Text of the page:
Eight years ago in Johannesburg, Nigeria’s national team made history as they won their third Africa cup of nations title
February 10, 2013, Nigeria senior national team won their third Afcon title in South Africa after edging out Burkina Faso in the final.
The Super Eagles were making a return to the tournament after missing out on the previous edition hosted by Gabon and Equatorial Guinea.
The 2013 competition was hosted immediately after the 2012 edition because CAF switched the competition from an even-numbered year to an odd-numbered year to avoid a clash with the FIFA World Cup.
Libya were originally the host but pulled out due to the civil war going on in the country at that time. South Africa were initially scheduled to host the 2017 edition, but they traded places with Libya.
Nigeria, led by Stephen Keshi, went into the tournament as an underdog due to the lack of proven and top players in the squad.
The Super Eagles were drawn in Group C along with Burkina Faso, Zambia and Ethiopia. They started their campaign on a disappointing note, playing a 1-1 draw against the Stallions.
Emmanuel Emenike gave Nigeria the lead in the 23rd minute, and it looked like that would be the winner until AlainTraore popped up in the fourth minute of added time to seal a point for Burkina Faso.
The second game against Zambia also had a similar feeling with Emenike 57th minute strike at the Mbombela Stadium, giving Nigeria the lead.
However, the Chipolopolo were awarded a controversial penalty five minutes from time, converted by their goalkeeper Kennedy Mweene.
The result left Nigeria needing to win their final game against Ethiopia to avoid a group stage exit. And they did just that, although not without nerves.
Neither team was able to find the breakthrough in the first half. It stayed like that until Nigeria were awarded a penalty in the 80th minute, which Victor Moses duly converted.
The Super Eagles killed any hopes of a potential equaliser in the 90th minute after Moses converted from the spot once again.
Nigeria finished second behind Burkina Faso courtesy of the win, and the reward was a quarter-final clash against tournament favourites, Ivory Coast.
Not many people gave the Super Eagles a chance against the Elephants, including the Nigeria Football Federation (NFF). The NFF had reportedly booked a plane that would take the squad back to Nigeria after the clash.
Ivory Coast had stars like Yaya Toure, Didier Drogba, Cheick Tiote, Gervinho and Salomon Kalou in their line-up on that day.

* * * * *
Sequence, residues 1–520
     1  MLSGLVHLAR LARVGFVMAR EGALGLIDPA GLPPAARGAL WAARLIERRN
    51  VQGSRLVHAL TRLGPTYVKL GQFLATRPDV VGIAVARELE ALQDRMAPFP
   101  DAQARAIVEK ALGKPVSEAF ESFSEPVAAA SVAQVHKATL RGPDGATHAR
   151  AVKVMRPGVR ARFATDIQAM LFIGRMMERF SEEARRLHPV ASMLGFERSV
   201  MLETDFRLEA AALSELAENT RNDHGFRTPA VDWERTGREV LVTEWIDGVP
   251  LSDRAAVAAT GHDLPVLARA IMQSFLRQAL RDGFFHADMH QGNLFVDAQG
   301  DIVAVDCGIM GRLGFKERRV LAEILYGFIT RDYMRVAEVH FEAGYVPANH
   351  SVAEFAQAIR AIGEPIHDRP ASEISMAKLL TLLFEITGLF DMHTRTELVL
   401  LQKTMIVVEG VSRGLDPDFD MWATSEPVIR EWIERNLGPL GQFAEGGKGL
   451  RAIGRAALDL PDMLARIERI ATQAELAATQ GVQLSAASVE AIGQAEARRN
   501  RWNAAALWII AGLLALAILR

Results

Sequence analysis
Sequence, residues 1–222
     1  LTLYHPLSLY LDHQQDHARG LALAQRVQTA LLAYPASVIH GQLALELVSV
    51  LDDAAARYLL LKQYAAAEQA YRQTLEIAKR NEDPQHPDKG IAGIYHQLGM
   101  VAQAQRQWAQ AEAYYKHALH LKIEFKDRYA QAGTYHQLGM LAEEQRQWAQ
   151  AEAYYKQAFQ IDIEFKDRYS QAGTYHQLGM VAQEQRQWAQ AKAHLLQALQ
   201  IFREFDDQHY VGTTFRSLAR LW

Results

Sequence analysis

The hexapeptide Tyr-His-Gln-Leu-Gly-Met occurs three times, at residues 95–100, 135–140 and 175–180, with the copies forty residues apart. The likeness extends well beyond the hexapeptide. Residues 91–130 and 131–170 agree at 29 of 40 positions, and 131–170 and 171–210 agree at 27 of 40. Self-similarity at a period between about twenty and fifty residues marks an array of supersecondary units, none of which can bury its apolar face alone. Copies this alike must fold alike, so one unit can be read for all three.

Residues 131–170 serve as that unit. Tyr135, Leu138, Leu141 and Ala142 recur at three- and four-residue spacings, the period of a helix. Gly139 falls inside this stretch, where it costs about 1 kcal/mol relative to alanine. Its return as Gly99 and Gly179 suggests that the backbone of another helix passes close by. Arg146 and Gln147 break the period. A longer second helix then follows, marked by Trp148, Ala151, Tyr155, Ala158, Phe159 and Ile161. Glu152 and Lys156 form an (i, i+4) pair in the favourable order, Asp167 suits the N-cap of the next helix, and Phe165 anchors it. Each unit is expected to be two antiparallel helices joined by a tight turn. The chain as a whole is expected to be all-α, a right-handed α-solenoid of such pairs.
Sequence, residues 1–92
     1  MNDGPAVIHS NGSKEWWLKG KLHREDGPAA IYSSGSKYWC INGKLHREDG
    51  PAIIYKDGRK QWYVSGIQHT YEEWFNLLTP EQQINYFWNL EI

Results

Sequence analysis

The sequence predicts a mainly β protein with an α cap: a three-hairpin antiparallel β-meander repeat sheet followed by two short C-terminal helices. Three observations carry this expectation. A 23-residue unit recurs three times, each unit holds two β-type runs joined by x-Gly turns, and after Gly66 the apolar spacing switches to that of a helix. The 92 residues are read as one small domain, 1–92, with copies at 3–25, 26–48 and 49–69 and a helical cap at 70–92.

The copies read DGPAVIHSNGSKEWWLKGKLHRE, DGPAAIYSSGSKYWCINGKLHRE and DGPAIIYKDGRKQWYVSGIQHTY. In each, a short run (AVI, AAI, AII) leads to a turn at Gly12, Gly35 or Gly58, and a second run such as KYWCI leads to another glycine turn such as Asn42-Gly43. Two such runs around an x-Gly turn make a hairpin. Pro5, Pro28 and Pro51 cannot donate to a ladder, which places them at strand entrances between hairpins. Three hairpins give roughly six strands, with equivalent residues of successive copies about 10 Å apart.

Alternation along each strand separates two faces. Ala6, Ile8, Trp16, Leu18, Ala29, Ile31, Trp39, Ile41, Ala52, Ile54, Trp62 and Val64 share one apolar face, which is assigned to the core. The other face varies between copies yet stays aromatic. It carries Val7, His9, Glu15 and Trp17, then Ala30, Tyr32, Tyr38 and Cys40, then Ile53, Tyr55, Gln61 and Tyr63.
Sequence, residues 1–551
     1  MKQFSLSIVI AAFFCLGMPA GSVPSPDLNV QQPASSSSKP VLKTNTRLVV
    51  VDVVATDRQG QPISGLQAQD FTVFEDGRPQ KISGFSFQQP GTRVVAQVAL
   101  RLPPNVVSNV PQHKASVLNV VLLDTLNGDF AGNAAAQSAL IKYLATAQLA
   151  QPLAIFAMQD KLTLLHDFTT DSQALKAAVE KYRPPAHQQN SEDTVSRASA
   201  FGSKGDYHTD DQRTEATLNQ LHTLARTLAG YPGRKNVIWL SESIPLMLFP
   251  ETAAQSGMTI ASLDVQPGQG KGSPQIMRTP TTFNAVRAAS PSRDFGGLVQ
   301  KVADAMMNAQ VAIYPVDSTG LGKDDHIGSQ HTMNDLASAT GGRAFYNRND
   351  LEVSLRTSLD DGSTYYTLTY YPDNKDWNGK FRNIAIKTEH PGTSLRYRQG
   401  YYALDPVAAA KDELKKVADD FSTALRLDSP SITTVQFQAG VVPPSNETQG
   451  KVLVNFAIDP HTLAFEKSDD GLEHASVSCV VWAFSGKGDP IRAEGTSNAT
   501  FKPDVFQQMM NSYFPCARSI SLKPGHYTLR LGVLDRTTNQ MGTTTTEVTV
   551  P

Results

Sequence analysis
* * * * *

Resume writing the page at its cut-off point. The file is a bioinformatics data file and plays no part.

However, it was Nigeria that took the lead through a long-range freekick from Emenike two minutes before the break. The Elephants restored parity five minutes after half-time when Tiote headed home a freekick.
But against all odds, it was the Super Eagles that took the lead again courtesy of a Sunday Mba deflected strike in the 78th minute to complete the upset.
Their quarter-final made Nigeria the favourites for the rest of the tournament, and they backed it up with a comfortable 4-1 victory over Mali in the semifinal.
While the win over Ivory Coast sent out a statement, the win over the Malians was Nigeria’s best performance in the tournament.
Elderson Echiejiele put Nigeria ahead after Moses had shown an extraordinary skill to beat his marker. Brown Ideye made it two before Emenike scored his third of the tournament to give Nigeria a three-goal lead in the first half.
Ahmed Musa finished off a pass from Mikel to make it four after the break. Mali pulled one back in the 75th minute, but it was indeed a commanding performance from the Super Eagles.
Nigeria set up a date with Burkina Faso in the final. The Stallions had beaten four-time champions Ghana via a penalty shootout in the other semifinal.
It meant Nigeria rounded up the competition with the same team they played in the first match. The final was a cagey affair, with both teams not taking too many risks.
However, it was Stephen Keshi’s led side that opened the scoring, which was also the winner, courtesy of a finish from Sunday Mba in the 40th minute.
The former Warri Wolves jumped on a loose ball before flicking it over Mohamed Koffi to fire home a left-footed volley.
It was a goal former England international Paul Gascoigne would’ve been proud of having scored a similar one at the Euro 1996.
Burkina Faso tried to find a way back into the game, but they never threatened. Instead, it was Nigeria that should have doubled their advantage, but they were wasteful in front of goal.
It did not matter, though, as Mba’s strike was enough to seal Nigeria’s third win at Africa’s biggest competition for the first time since 1994.
Mba was one of the players of the tournament, but sadly, his career went on a downward spiral after then.
Stephen Keshi offered his resignation after the tournament due to the treatment he received while the tournament was in play.
However, he was talked back into the role by former President Goodluck Jonathan. Keshi later led the team to the Confederations Cup and a second-round finish at the 2014 World Cup.
He was then fired in 2015 following the team’s failure to qualify for 2015 Afcon.
Sadly, the former Super Eagles captain lost his wife later that year, before the sad news of his passing a year later.
Despite the win, Nigeria did not qualify for Africa’s biggest showpiece until 2019.